Caroline O'Doherty asks if society is ready to deal with the implications of gay parenthoodWHEN Hollywood dreamed up box office smash Three Men and a Baby, cinema audiences lapped it up like infant formula.

The story was simple - three confirmed bachelor buddies have their lives thrown upside down when the occasional girlfriend of one of them dumps her baby in their laps and disappears into the city skyline.

Luckily for the producers, the audience weren't any more sophisticated. Nobody raised the awkward questions of morality inherent in matters of casual sex, unplanned parenthood and child abandonment.

Viewers were content instead to laugh at the trio struggling to come to terms with nappy contents, sleepless nights and the intricacies of the infant digestive system.

Maybe it helped that Tom Selleck was one of them, but as the soft focus film followed the pals on their personal epiphanies, reviewing their hedonistic ways, getting in touch with their feminine side and discovering the rewards of responsibility, the baby had to compete for the oohs and aahs.

Change the script to make the dads gay, however, and you go from matinee to over 18s in one ring of the alarm bell. Now, instead of a comic caper, you have a serious situation that poses questions about society's treatment of families that don't fit the traditional mould.

Gerard Whelan and John MacMahon didn't want to be mould-breakers. The gay partners, who have become parents of triplets born to a surrogate mother in the United States, just wanted to have a family of their own and set out to make their dream come true.

In doing so, they followed in the footsteps of British couple, Barrie Drewitt and Tony Barlow, who came under the spotlight last year for similarly acquiring the services of a surrogate American mum.

But Gerard Whelan and John MacMahon's arrival in Ireland with their three tiny bundles has given rise to more questions than the legislature here, and possibly society as a whole, is ready or able to answer.

Surrogacy itself is strewn with doubts. There is no legislation here to deal with surrogate births and legal experts wonder how watertight a contract would be if a dispute arose.

A transatlantic arrangement makes the legalities more complicated. Between the new dads there is also room for confusion. If only one is a biological parent, the rights of the other are shaky.

There is a second factor that makes the case of Gerard Whelan and John MacMahon cause for comment. They are gay. The law forbids them to marry and nature forbids them jointly procreating, so some will ask whether they should be allowed form a family at all.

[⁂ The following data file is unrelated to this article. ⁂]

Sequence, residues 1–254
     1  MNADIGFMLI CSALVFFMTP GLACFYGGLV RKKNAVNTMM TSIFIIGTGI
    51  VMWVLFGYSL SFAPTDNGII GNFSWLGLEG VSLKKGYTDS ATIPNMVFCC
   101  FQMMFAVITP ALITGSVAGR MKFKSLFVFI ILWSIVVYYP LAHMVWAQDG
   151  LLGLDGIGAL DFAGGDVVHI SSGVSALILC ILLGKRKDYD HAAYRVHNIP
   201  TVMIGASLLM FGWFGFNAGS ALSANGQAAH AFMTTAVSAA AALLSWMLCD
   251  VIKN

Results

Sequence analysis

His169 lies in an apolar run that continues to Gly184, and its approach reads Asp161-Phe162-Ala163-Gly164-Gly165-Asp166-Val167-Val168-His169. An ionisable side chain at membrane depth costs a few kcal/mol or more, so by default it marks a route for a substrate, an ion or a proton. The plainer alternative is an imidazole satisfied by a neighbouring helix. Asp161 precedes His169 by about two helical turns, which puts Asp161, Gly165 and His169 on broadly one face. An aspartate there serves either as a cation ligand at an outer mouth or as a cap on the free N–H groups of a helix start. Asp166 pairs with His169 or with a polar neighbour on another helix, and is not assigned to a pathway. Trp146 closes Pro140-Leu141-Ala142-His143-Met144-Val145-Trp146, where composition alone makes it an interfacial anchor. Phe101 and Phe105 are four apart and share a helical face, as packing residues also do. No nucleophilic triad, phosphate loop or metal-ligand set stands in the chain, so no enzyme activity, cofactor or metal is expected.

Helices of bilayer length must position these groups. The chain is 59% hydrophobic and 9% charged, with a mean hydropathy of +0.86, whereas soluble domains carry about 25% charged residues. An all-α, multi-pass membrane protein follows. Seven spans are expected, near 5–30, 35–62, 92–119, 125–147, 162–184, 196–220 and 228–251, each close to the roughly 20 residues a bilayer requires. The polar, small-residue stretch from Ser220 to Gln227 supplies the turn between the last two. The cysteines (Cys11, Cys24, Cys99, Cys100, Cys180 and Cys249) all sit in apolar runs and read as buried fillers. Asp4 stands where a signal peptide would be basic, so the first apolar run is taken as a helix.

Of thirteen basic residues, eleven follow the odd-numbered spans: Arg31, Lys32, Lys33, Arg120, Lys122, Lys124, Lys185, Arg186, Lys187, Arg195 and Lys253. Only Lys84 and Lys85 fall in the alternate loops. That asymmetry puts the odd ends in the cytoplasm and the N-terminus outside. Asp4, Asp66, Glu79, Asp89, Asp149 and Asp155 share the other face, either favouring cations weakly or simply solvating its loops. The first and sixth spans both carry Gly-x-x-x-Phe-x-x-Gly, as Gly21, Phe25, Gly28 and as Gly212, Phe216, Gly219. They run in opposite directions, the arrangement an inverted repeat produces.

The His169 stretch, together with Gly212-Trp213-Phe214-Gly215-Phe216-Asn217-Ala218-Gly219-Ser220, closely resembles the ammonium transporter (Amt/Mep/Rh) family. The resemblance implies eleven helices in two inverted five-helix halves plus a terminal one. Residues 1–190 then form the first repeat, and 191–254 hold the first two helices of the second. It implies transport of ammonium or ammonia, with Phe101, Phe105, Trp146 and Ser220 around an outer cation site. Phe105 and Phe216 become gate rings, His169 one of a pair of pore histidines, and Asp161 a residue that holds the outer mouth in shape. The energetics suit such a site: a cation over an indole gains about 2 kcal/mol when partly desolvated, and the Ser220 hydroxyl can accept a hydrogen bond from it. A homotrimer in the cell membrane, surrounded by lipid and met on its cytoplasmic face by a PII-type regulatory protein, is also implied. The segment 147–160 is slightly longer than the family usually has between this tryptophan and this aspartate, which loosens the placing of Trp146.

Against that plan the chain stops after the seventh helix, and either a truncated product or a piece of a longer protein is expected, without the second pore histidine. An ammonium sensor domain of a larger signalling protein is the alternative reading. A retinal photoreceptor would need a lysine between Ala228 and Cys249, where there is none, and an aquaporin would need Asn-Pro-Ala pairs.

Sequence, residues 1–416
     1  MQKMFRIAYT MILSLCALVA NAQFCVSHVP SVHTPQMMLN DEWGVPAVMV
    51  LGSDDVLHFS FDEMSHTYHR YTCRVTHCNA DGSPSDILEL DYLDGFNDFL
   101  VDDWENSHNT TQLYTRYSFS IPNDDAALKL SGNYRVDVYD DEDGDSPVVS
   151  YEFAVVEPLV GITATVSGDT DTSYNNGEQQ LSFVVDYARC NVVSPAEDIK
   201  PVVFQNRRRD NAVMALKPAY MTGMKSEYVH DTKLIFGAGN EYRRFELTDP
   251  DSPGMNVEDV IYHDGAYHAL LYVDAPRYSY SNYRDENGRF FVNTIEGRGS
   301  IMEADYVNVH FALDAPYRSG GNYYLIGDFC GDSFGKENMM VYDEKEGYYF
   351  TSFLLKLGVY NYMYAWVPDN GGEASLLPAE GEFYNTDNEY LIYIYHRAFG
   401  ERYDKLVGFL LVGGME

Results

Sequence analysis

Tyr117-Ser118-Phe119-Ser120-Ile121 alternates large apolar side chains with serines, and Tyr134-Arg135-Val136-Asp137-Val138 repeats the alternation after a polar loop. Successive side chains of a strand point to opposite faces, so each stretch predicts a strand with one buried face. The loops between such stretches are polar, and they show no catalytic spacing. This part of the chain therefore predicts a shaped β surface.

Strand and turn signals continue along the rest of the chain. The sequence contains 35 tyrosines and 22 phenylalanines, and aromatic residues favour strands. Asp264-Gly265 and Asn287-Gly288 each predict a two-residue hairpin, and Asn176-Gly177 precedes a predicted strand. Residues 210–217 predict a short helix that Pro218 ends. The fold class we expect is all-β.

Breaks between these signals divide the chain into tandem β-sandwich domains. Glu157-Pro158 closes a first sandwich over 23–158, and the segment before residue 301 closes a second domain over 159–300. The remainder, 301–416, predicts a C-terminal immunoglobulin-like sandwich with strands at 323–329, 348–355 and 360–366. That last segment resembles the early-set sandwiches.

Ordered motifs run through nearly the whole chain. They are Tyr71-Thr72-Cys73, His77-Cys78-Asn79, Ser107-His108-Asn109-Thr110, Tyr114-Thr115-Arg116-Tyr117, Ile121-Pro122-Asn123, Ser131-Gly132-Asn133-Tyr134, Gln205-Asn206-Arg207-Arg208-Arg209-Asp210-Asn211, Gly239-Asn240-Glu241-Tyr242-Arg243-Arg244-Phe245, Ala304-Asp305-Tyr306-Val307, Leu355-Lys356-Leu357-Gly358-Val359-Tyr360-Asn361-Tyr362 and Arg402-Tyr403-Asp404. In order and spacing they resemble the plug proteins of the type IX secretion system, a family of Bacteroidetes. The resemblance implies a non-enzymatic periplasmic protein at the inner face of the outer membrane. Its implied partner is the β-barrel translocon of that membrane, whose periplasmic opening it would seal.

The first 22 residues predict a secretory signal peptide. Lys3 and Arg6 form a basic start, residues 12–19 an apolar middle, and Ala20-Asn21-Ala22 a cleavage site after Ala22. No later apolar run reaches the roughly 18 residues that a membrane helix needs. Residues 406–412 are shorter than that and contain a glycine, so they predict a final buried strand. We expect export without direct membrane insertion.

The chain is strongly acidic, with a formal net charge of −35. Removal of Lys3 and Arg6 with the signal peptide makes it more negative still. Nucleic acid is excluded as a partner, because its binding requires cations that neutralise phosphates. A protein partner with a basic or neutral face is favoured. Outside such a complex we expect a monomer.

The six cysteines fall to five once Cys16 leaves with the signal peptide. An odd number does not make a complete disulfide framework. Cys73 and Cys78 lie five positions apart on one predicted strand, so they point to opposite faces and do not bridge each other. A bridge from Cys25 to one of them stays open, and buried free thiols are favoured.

Kieran Rose, co-chairman of the Gay and Lesbian Equality Network, feels sympathy for the couple.

"It must be difficult enough having three young children to rear without trying to do it in the glare of publicity and your parenthood being a media issue," he said.

But on the wider issues of surrogacy and gay parenthood, he says only the former should create any excitement.

"It's not a gay or straight issue. If there is a need for legislation on surrogacy, its focus should be the protection of the children."

While Gerard Whelan and John MacMahon may be the most visible examples of late, Rose is certain they aren't the only gay parents in Ireland.

"It's not unusual for lesbian woman to have children and there are gay men are fathers already and only come out later in life. It doesn't change the fact that they are fathers and love their children."

As for the old chestnut about children being more likely to become gay if brought up in a gay household, he has a simple answer.

"Most gay people grow up with heterosexual parents and it doesn't stop them being gay. It's the quality of parenthood that should count, not whether a parent is gay or not."

But there are legal difficulties facing gay parents. An Equality Authority report published earlier this year on the partnership rights of same-sex couples found lesbian and gay couples were treated differently in matters of adoption, custody, guardianship and assisted reproduction.

The law is not always discriminatory but the practice sometimes is, and while test cases have yet to be taken, it is felt some presumptions could take a hammering under the Equal Status Act of 2000, which outlaws discrimination on grounds of sexual orientation or marital status.

But while the law lags behind, at least two gay dads are doing it for themselves. There could be a movie in it - and the protagonists wouldn't be alone in hoping for a happy ending.